Fed's Quarles says pandemic stresses highlighted fragility in nonbanks - Metro US

Fed’s Quarles says pandemic stresses highlighted fragility in nonbanks

Quarles, vice chairman of the Federal Reserve Board of Governors, testifies before a Senate Banking, Housing and Urban Affairs Committee hearing in Washington

WASHINGTON (Reuters) – U.S. Federal Reserve Vice Chair Randal Quarles said Tuesday that the market stresses created by the coronavirus pandemic showed the nonbank financial system is “significantly more fragile” than its traditional counterpart.

Quarles said that while decisive action from central banks and regulators helped ease market turmoil, recent events have shown global regulators have “work to do” to shore up nonbanks, including improving resiliency in money market funds.

Speaking in his capacity as head of the Financial Stability Board, Quarles did not lay out precise policy prescriptions, but rather said the global regulatory group is hard at work examining the issue and expects to lay out recommendations soon.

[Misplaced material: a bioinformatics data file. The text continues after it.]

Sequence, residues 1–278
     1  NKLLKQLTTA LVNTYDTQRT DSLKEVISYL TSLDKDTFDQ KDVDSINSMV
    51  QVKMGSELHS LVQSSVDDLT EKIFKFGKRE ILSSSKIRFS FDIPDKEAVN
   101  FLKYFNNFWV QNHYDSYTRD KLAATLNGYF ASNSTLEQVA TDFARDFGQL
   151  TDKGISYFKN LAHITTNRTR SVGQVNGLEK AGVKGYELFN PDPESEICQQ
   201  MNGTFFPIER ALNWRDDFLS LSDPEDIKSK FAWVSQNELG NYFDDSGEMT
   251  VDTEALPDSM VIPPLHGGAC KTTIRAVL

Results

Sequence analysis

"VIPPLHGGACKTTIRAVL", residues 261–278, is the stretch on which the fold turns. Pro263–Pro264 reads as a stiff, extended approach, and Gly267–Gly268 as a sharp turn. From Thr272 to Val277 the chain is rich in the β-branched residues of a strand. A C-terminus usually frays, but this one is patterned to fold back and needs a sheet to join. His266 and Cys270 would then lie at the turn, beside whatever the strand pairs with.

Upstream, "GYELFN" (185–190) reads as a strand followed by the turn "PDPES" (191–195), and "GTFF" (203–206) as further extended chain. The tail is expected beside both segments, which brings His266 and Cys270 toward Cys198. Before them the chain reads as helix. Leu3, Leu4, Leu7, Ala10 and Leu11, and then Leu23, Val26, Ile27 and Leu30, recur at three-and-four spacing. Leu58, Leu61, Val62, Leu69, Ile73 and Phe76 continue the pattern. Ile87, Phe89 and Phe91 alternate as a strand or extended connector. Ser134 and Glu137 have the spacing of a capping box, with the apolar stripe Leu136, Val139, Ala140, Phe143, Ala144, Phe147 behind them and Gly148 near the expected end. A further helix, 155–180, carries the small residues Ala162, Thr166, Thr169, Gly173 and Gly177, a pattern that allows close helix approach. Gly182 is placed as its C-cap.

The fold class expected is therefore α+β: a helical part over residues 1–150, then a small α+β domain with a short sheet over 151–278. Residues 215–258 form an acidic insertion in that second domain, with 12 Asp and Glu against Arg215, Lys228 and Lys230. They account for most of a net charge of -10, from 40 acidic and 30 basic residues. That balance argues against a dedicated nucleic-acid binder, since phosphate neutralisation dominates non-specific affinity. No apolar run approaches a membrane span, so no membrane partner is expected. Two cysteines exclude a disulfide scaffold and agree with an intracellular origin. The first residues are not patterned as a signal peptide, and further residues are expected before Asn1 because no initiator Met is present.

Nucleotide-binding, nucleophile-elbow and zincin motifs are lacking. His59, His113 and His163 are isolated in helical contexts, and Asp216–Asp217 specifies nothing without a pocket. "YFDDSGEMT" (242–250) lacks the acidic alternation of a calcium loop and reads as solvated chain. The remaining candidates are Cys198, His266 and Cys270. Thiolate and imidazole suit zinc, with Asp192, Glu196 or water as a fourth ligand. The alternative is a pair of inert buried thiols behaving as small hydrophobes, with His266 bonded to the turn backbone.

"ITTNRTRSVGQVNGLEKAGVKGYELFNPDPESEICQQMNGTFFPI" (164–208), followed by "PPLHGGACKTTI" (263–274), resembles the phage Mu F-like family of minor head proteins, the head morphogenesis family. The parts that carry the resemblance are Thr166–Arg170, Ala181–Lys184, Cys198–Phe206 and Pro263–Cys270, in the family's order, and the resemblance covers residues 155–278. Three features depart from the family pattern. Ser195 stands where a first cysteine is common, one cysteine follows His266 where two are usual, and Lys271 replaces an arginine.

“Addressing vulnerabilities in the financial system going forward…will require a holistic perspective given the various linkages within nonbank financial intermediation and between nonbanks and banks,” he said, according to prepared remarks. “We have gained some clarity regarding areas of the market that needed significant bolstering and have to look closely at whether and how resilience in these segments can be improved.”

The rapid onset of economic lockdowns and market stress revealed some flaws across the market, he added, particularly as companies worldwide scrambled for cash, specifically U.S. dollars.

For example, margin calls appeared to be larger than expected for some firms, leading to stretched liquidity. And the stress raised new questions about the functioning and resilience of core government debt markets, particularly when it comes to the ability of private parties to intermediate in those markets.

Quarles noted that markets returned to normal thanks to massive intervention by central banks across the globe, addressing the immediate issue but raising longer-term questions.

“While swift and decisive policy action succeeded in calming markets, this does not mean that our work is complete. While central bank action succeeded in restoring market functioning, this support does not address the underlying vulnerabilities,” he said.

(Reporting by Pete Schroeder, Editing by Franklin Paul and Andrea Ricci)

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